Google's secret Project Bernanke program has earned her hundreds of millions of dollars a year


Google uses covert software in its ad buying system that has given it an advantage over its competitors, as shown in the unwritten court documents in the Texas (US) antitrust lawsuit against the tech company.

The documents, which the Wall Street Journal (WSJ) have access to, record the existence of a program, known as Project Bernanke, that Google has run for years and has not been shared with publishers who have sold ads through their systems.

Project Bernanke used data from previous digital ad purchases by publishers to direct them toward the price they would have to pay, which, according to the aforementioned lawsuit, generated hundreds of millions of dollars in revenue annually.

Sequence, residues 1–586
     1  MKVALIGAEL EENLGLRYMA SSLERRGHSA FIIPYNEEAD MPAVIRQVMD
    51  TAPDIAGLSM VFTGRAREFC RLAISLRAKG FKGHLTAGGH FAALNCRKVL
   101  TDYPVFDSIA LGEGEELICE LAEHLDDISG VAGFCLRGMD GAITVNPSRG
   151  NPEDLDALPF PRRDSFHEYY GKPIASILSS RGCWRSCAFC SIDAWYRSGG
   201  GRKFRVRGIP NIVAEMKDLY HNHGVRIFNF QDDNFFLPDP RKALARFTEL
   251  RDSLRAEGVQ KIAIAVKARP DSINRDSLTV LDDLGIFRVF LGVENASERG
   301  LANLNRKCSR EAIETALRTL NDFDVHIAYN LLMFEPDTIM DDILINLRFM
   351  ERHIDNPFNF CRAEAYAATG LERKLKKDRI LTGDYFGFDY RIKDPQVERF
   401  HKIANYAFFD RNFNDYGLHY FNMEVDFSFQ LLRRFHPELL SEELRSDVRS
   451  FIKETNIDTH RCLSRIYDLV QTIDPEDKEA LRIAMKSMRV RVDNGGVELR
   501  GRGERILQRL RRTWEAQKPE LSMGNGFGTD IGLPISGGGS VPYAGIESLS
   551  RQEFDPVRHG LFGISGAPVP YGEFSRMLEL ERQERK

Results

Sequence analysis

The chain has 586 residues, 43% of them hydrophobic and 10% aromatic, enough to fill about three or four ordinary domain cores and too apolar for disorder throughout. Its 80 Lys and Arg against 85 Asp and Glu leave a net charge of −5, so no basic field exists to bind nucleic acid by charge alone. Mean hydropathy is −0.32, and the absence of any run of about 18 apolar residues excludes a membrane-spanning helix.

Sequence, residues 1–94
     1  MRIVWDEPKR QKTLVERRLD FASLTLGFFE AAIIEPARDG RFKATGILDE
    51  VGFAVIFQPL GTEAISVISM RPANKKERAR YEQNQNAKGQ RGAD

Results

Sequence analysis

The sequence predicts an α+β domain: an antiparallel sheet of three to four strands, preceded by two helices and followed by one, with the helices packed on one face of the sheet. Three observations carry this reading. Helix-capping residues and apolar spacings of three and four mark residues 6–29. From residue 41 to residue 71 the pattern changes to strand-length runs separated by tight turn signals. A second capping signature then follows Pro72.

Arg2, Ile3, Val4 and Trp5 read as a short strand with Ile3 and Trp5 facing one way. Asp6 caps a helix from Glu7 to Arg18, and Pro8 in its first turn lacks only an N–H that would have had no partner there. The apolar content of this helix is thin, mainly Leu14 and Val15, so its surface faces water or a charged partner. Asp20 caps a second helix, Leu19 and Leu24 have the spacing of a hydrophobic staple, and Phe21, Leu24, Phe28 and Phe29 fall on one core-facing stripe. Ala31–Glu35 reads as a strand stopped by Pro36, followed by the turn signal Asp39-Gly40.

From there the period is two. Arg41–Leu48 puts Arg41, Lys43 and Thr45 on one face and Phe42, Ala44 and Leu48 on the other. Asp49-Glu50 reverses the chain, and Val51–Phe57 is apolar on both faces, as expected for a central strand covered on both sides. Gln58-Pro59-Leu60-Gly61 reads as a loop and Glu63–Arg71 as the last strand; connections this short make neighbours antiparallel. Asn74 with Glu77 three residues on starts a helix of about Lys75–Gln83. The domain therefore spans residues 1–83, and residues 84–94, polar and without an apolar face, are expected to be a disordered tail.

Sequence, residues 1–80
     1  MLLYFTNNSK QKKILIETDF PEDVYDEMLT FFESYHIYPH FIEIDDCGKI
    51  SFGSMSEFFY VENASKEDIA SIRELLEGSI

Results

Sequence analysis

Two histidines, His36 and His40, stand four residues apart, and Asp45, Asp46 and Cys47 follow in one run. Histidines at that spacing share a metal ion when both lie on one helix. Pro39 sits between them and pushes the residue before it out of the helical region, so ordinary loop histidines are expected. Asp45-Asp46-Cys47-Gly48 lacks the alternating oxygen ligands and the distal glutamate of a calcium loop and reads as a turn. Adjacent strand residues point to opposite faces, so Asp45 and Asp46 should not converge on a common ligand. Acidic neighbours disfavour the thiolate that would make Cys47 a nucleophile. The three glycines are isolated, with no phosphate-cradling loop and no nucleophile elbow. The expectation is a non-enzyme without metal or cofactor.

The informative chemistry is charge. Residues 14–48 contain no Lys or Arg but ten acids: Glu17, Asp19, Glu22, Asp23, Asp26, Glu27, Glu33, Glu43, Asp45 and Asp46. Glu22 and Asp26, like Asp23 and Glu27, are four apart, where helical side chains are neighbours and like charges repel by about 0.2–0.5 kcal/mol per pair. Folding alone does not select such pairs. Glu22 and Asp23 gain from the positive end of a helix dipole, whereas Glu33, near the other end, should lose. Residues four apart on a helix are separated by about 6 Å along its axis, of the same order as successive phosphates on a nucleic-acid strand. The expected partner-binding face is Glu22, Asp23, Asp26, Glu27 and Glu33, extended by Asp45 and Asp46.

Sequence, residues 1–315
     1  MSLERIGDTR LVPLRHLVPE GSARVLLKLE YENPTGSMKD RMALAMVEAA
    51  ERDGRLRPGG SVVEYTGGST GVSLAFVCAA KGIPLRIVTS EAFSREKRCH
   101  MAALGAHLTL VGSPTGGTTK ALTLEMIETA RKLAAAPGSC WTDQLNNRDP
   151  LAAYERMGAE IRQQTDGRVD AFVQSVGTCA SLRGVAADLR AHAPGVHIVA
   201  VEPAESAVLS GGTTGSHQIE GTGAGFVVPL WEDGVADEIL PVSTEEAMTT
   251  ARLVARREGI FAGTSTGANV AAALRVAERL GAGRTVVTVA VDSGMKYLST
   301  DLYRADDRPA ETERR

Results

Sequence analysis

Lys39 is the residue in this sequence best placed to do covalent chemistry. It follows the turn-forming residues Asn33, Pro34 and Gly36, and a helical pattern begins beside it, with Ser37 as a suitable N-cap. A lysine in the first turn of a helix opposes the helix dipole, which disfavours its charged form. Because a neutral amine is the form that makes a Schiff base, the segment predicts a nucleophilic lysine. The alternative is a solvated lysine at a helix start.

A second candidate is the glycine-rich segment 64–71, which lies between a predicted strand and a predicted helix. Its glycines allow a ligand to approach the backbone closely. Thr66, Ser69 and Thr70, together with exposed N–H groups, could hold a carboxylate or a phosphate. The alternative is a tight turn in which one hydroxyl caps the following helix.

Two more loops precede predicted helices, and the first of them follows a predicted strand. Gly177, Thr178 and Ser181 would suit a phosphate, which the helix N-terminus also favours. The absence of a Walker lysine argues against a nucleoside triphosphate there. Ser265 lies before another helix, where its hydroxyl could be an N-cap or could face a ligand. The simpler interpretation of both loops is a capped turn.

For its part, Google, which acknowledged the existence of the said program, defended its use, claiming that there was nothing inappropriate in using the exclusive information it had access to.

The documents are part of Google's response to Texas' antitrust lawsuit filed in December last year, accusing the internet giant of operating a digital advertising monopoly to harm both industry competitors and investors.

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